Triplets branch out by degrees
The Parkinson triplets might be leaving school and moving out of home, but with all three deciding to move to Wellington they'll still be close.
The identical 18-year-olds from Stoke had their final day at Nayland College today, and Ashleigh, Olivia and Kimberley said it was a little sad, but exciting. After summer they will move to Wellington to continue their studies.
The Nelson Mail has followed the girls since they began primary school.
Ashleigh and Olivia are going to Victoria University to do bachelor of arts studies, Ashleigh in Spanish and possible ESOL teaching, and Olivia in sociology and Japanese. Kimberley will be within walking distance, at Massey University studying for a bachelor of communications.
The girls said they had not planned to be together, but it was nice that they would be.
Olivia said they had been talking about it the other day, and being in Wellington and living apart would almost make them more friends than sisters.
Instead of going home and all eating dinner together, they'd be seeing each other on the street and saying hi, she said.
Ashleigh said it might be better them all living apart, because they would fight less about clothes.
They would probably learn to appreciate each other more as well, Kimberley added.
Their mother Carol said it was a little bit scary but also exciting that the girls were heading off to do their own things.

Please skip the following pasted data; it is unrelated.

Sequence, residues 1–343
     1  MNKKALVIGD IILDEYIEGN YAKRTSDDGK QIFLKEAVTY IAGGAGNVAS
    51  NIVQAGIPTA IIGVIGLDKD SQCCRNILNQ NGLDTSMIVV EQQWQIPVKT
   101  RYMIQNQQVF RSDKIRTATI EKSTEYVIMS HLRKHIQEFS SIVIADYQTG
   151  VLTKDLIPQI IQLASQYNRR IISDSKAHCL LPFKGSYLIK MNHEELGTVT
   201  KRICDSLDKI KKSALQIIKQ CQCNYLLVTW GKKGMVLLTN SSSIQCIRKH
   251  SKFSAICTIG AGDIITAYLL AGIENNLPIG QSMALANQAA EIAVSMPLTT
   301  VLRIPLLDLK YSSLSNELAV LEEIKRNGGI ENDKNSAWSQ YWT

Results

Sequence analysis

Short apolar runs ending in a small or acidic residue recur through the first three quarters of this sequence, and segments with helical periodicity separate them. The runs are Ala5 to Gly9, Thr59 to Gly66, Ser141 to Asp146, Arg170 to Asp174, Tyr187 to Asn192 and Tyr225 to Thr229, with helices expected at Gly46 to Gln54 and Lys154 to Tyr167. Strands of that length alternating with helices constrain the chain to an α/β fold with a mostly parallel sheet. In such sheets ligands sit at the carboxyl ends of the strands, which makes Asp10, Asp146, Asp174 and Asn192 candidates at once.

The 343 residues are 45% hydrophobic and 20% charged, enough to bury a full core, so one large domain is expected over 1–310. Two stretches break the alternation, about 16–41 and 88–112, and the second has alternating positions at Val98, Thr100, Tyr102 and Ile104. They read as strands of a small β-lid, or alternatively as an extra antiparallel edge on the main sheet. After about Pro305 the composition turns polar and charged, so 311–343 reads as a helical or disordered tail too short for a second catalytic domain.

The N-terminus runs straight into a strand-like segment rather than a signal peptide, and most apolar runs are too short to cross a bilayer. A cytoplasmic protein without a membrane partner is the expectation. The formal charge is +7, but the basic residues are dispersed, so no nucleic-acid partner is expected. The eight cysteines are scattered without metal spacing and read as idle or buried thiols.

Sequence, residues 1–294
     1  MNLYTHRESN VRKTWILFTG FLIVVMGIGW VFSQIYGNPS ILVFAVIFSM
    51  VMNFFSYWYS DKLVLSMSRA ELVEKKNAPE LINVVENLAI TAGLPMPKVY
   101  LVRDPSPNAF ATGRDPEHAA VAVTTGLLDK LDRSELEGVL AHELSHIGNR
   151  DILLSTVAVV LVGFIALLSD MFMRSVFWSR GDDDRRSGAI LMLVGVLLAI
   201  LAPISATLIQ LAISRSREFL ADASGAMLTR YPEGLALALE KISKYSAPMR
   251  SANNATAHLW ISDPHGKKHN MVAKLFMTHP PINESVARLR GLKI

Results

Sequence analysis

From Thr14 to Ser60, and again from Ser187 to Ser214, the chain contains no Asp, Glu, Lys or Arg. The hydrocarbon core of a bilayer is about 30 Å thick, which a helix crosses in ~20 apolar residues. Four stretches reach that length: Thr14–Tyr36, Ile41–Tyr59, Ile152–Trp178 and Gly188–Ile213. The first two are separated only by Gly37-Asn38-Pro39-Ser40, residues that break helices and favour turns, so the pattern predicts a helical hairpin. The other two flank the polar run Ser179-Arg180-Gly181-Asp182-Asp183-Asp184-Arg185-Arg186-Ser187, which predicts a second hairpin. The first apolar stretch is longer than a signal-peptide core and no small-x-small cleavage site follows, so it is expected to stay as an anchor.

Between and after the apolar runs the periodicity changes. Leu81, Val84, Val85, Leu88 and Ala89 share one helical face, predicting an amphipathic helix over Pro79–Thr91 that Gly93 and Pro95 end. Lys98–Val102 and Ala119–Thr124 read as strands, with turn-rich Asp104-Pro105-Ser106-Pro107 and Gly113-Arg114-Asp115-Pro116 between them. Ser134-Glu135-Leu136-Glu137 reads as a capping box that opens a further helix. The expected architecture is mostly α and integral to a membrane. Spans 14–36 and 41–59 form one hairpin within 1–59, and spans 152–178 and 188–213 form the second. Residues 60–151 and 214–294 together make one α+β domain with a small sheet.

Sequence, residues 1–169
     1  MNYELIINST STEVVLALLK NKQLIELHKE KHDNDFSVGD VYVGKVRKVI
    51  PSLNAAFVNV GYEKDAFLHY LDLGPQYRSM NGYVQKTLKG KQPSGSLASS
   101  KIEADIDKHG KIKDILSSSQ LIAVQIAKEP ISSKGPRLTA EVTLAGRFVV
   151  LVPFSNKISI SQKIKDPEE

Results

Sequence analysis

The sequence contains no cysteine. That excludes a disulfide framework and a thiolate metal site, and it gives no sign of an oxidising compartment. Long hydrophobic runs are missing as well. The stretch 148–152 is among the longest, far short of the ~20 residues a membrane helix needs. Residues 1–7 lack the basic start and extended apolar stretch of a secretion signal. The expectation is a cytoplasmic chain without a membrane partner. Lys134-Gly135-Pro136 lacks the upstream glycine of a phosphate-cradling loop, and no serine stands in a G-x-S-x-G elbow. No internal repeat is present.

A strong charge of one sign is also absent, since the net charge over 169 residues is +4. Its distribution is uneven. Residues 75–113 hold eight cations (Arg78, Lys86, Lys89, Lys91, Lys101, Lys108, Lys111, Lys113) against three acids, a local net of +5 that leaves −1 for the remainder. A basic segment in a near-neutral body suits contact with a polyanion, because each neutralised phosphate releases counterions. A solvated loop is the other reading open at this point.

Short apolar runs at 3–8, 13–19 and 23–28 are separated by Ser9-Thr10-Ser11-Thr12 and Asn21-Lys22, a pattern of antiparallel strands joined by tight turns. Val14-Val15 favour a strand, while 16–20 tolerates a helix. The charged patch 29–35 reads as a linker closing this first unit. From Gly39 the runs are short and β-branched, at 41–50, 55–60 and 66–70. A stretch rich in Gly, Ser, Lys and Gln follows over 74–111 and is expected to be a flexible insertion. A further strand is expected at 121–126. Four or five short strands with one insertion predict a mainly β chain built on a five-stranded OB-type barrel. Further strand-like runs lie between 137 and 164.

"The big thing for me is that they are all going to be in the same city. They made the decision purely on their own, but I like the fact they're separate but they can be together if they want to be."
Although the girls are identical, except for the colour of their hair, they have very different personalities.
When the Nelson Mail spoke to the girls on their first day of primary school, Ashleigh said the girls planned to fool their classmates.
"We all go to kindy and say we're all Ashleigh," she said.
During their high school years they'd only tried the trick twice.
Olivia had pretended to be Ashleigh and sat a test on the Treaty of Waitangi - and got her a mark of excellence. Ashleigh and Kimberley had also swapped, but had been caught and ended up with detention.
Inadvertently, they often confused people who didn't know them.
With each having a part-time job, they all said there'd been times when people had been confused that the same girl was able to serve them in Bunnings Warehouse one minute and New World the next.
The girls all have their own groups of friends, and said that Wellington would provide more of an opportunity to make their marks as individuals.
They were unable to decide if there was anything bad about triplets.
"It's cool having someone your own age.
"When you go on holiday, there's always someone else around to talk to," said Ashleigh.
The only negative could be that people compared them against one another, Kimberley said.
"We just try to be friendly to everyone," Kimberley said.
Mrs Parkinson said raising triplets was not so much hard as it was busy. She also has a younger son. "It was constant. The last year has been the most challenging, they turned 18 and they are ready to leave home. But they're good kids.
"Probably the most challenging thing about having three girls all that same age is having the opportunity of having one on one time with them.
"It's not very often you have one to yourself, so those sort of times are very special."